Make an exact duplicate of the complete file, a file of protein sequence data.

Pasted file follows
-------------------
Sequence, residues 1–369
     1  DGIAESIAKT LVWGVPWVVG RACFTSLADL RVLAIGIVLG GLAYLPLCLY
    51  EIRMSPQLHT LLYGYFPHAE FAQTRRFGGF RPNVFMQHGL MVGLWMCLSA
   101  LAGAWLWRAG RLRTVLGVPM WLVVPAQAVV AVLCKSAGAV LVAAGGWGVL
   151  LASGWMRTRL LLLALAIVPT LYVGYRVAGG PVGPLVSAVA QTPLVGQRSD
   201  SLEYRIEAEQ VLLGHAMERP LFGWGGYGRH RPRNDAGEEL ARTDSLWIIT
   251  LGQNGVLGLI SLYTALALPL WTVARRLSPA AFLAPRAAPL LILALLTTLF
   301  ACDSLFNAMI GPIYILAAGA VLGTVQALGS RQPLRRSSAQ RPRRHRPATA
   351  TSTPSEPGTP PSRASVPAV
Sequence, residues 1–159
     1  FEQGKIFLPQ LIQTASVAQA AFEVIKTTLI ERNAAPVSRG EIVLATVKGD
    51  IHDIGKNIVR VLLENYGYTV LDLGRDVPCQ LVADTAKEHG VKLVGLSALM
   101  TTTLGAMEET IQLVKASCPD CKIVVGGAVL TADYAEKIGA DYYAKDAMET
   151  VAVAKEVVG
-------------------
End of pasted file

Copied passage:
Sequence, residues 1–369
     1  DGIAESIAKT LVWGVPWVVG RACFTSLADL RVLAIGIVLG GLAYLPLCLY
    51  EIRMSPQLHT LLYGYFPHAE FAQTRRFGGF RPNVFMQHGL MVGLWMCLSA
   101  LAGAWLWRAG RLRTVLGVPM WLVVPAQAVV AVLCKSAGAV LVAAGGWGVL
   151  LASGWMRTRL LLLALAIVPT LYVGYRVAGG PVGPLVSAVA QTPLVGQRSD
   201  SLEYRIEAEQ VLLGHAMERP LFGWGGYGRH RPRNDAGEEL ARTDSLWIIT
   251  LGQNGVLGLI SLYTALALPL WTVARRLSPA AFLAPRAAPL LILALLTTLF
   301  ACDSLFNAMI GPIYILAAGA VLGTVQALGS RQPLRRSSAQ RPRRHRPATA
   351  TSTPSEPGTP PSRASVPAV
Sequence, residues 1–159
     1  FEQGKIFLPQ LIQTASVAQA AFEVIKTTLI ERNAAPVSRG EIVLATVKGD
    51  IHDIGKNIVR VLLENYGYTV LDLGRDVPCQ LVADTAKEHG VKLVGLSALM
   101  TTTLGAMEET IQLVKASCPD CKIVVGGAVL TADYAEKIGA DYYAKDAMET
   151  VAVAKEVVG